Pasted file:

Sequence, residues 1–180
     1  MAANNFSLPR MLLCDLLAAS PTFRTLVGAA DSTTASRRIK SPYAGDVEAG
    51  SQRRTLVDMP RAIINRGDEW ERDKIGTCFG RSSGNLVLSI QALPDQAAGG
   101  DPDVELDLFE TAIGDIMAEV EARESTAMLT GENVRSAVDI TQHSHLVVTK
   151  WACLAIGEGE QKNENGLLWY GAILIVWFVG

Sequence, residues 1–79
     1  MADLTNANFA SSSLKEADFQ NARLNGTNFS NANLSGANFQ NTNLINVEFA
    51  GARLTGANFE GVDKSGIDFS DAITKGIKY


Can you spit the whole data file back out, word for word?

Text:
Sequence, residues 1–180
     1  MAANNFSLPR MLLCDLLAAS PTFRTLVGAA DSTTASRRIK SPYAGDVEAG
    51  SQRRTLVDMP RAIINRGDEW ERDKIGTCFG RSSGNLVLSI QALPDQAAGG
   101  DPDVELDLFE TAIGDIMAEV EARESTAMLT GENVRSAVDI TQHSHLVVTK
   151  WACLAIGEGE QKNENGLLWY GAILIVWFVG

Sequence, residues 1–79
     1  MADLTNANFA SSSLKEADFQ NARLNGTNFS NANLSGANFQ NTNLINVEFA
    51  GARLTGANFE GVDKSGIDFS DAITKGIKY